Dem senator plans amendment to restrict military action against Iran

Dem senator plans amendment to restrict military action against Iran
© Stefani Reynolds

A Democratic senator is vowing to push a measure aimed at restricting military action against Iran when the Senate’s defense policy bill comes to a floor vote.

“I frankly think it would be a colossal disaster if the United States were involved in Iran,” Sen. Tim KaineTimothy (Tim) Michael KaineA lesson of the Trump, Tlaib, Omar, Netanyahu affair Warren's pledge to avoid first nuclear strike sparks intense pushback Almost three-quarters say minimum age to buy tobacco should be 21: Gallup MORE (D-Va.) told reporters on a conference call. “I especially believe it would be a disaster if we were to do that with the president’s unilateral say-so with no debate in Congress.”

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Kaine’s proposed amendment would prevent funding for any military action against Iran except in self-defense or if Congress approves a separate war authorization.

Kaine’s effort follows a failed attempt Wednesday in the Senate Foreign Relations Committee by Democratic Sens. Tom UdallThomas (Tom) Stewart UdallDemocrats, environmentalists blast Trump rollback of endangered species protections Republicans should get behind the 28th Amendment New Mexico says EPA abandoned state in fight against toxic 'forever chemicals' MORE (N.M) and Chris MurphyChristopher (Chris) Scott MurphyOvernight Defense: US, Russia tensions grow over nuclear arms | Highlights from Esper's Asia trip | Trump strikes neutral tone on Hong Kong protests | General orders ethics review of special forces White House eyes September action plan for gun proposals Trump phoned Democratic senator to talk gun control MORE (Conn.) to get an amendment attached to a Syria policy bill that would have prohibited funding for an unauthorized attack on Iran.

Kaine first attempted to get his amendment added to the National Defense Authorization Act (NDAA) during the Senate Armed Services Committee’s closed-door consideration of the bill, he told reporters Thursday.

But he ran into jurisdictional issues because the parliamentarian ruled it was the purview of both the Armed Services and Foreign Relations panels. The Republican chairmen in both committees therefore said it couldn’t be taken up in the Armed Services markup, Kaine said.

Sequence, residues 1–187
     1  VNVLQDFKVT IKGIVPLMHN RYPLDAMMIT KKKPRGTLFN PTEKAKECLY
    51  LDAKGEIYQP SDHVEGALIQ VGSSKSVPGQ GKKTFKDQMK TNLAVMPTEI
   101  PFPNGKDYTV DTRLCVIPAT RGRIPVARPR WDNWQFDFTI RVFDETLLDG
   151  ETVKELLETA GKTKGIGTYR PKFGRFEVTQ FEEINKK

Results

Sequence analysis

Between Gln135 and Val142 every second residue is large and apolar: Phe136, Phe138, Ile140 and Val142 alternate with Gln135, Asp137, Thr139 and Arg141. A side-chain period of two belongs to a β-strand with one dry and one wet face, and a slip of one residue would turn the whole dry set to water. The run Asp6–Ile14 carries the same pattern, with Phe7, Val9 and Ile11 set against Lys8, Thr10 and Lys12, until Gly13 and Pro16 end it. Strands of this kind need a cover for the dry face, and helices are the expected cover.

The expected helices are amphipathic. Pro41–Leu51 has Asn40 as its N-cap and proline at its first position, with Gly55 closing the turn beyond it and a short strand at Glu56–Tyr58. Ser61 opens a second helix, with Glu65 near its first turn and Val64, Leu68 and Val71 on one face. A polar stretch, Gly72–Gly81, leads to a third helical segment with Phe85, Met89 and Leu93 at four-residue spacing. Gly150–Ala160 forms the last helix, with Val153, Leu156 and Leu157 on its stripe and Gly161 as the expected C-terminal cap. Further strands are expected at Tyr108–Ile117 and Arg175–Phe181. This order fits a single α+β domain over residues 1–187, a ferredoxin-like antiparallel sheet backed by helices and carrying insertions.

Kaine then asked for a vote to overrule the chairman and was voted down along party lines, 14-13, he said.

“That we would not be able to discuss all of these issues about potential war with Iran in the Armed Services Committee, it’s like the scene in Dr. Strangelove where the president says no fighting in the war room. Are you kidding, this is exactly the place we should be having this discussion,” Kaine said.

“But I’m not done with this,” he added. “The jurisdictional objections that can be lodged in a committee do not apply when the bill is on the floor, so when the National Defense [Authorization] Act is on the floor, which could be as early as mid-June, I’m going to revisit the amendment.”

Hundreds of amendments are typically filed for the NDAA, but few have gotten votes in recent years because any one senator can object to bringing an amendment up for a vote.

The Democratic attempts to curtail the president’s ability to take military action against Iran come as U.S.-Iranian tensions continue to run exceptionally hot. 

Despite acting Defense Secretary Patrick ShanahanPatrick Michael ShanahanWhy Dave Norquist is the perfect choice for DOD's deputy secretary Five questions for Trump's new defense secretary on first major tour Trump says media is part of vetting his nominees: 'We save a lot of money that way' MORE’s assertion early this week that sending a carrier strike group and bomber task force to the Middle East deterred potential Iranian attacks, Shanahan is set to brief the White House later Thursday on proposals to send thousands more troops to the region to protect against alleged threats against U.S. personnel.